“– Believe it or not, there are a few ecologist types in Victoria who do consider Cyclamen to be a threat to some native ecosystems. I won’t waste space trying to convince you why (unless you or anyone else is curious), but appreciate if you could point me to the folks (a stewardship group maybe?) who are ripping them up in parks.”

    I suppose there may be good science behind this, but it did come as a surprise. Larry

  4. What a great post! I bet that seminar was fantastic! I didn’t realize just how many plants had winter blooms. Nice to see them all in one post. And I enjoyed seeing the hardscape, too. Lots of ideas here.

  5. I was surprised to see Iris unguicularis planted with hellebores and cyclamen. I thought this iris was a sun lover and that it was best cultivated where it could be kept fairly dry in summer. Granted, most of what I’ve read about this iris from US sources comes from the Pacific NW where summers are naturally dry. I’d be curious to know what you might advise about how best to site Algerian iris in the mid-Atlantic region.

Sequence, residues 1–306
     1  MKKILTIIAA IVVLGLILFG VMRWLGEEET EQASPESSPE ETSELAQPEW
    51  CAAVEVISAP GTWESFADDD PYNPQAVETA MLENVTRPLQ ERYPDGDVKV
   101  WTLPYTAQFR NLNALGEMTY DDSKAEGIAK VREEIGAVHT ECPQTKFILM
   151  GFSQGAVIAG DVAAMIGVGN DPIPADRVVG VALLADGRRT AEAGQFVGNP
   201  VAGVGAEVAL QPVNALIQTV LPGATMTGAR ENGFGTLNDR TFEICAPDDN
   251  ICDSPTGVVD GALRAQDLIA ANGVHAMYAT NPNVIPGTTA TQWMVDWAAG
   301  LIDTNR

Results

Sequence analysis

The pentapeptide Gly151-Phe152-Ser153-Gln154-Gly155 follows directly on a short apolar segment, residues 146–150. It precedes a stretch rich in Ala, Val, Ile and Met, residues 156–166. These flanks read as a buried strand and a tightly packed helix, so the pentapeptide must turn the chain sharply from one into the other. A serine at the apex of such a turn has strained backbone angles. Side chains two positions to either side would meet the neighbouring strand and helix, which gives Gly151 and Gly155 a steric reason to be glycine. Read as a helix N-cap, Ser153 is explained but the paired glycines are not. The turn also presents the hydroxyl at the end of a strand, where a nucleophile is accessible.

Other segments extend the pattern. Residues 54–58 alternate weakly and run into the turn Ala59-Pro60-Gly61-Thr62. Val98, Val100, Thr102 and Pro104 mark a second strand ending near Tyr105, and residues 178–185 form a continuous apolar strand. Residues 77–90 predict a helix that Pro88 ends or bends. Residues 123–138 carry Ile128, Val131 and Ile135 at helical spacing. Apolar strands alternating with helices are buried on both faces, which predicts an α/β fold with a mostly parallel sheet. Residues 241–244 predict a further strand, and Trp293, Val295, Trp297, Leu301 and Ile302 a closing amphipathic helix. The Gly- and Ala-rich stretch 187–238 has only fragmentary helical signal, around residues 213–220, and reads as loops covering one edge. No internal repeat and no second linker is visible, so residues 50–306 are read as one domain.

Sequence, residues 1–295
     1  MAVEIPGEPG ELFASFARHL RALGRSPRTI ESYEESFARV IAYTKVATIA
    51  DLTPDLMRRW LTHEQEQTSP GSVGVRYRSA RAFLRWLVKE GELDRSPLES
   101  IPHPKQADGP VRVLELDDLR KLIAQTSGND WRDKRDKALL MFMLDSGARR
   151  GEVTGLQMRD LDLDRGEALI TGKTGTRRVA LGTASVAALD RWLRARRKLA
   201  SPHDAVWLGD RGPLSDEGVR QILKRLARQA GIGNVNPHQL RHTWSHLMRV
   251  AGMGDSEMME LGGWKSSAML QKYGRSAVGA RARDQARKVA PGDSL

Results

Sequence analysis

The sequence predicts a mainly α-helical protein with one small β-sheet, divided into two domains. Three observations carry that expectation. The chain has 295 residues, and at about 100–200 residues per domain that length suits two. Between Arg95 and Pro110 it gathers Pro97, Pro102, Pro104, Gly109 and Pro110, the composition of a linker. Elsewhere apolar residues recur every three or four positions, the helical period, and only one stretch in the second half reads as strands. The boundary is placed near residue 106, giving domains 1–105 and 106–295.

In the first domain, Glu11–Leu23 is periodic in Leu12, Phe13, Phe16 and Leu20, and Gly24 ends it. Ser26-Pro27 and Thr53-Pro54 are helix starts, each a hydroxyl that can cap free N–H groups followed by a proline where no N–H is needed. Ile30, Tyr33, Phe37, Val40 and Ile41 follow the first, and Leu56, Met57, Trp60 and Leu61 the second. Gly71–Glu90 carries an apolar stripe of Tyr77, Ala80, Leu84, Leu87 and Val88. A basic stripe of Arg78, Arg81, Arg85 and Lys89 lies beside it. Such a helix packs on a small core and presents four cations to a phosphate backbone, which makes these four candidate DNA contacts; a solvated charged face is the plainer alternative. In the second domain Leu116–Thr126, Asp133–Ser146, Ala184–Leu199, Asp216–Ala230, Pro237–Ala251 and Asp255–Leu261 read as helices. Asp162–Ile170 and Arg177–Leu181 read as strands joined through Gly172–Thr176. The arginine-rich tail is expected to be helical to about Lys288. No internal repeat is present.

• Klaus, I don’t have Algerian iris in my garden so I am not speaking from personal experience. However, Charles Cresson’s irises are sited at the edge of his rock garden, which has been amended to be well-drained, and face south but are overhung with trees so it is part shade. Carolyn

  6. I loved visiting again Carolyn…those hardscapes are beautiful and all the flowers in February…lovely

  7. Thanks for sharing photos of your visit to Charles’s garden.

    It looks like the gardens I saw in Englad in February. I love winter interest/blooming plants. I am not sure all of those would be hardy here in my garden but I would love to add the Japanese skimmia and the mahonia. I have added viburnum bodnantense ‘Dawn’ to my garden last fall but no blooms yet.

  8. What a wonderful garden and full of lovely blooms and hardscape ideas. Winter design is so important and this topic is important to many of your readers.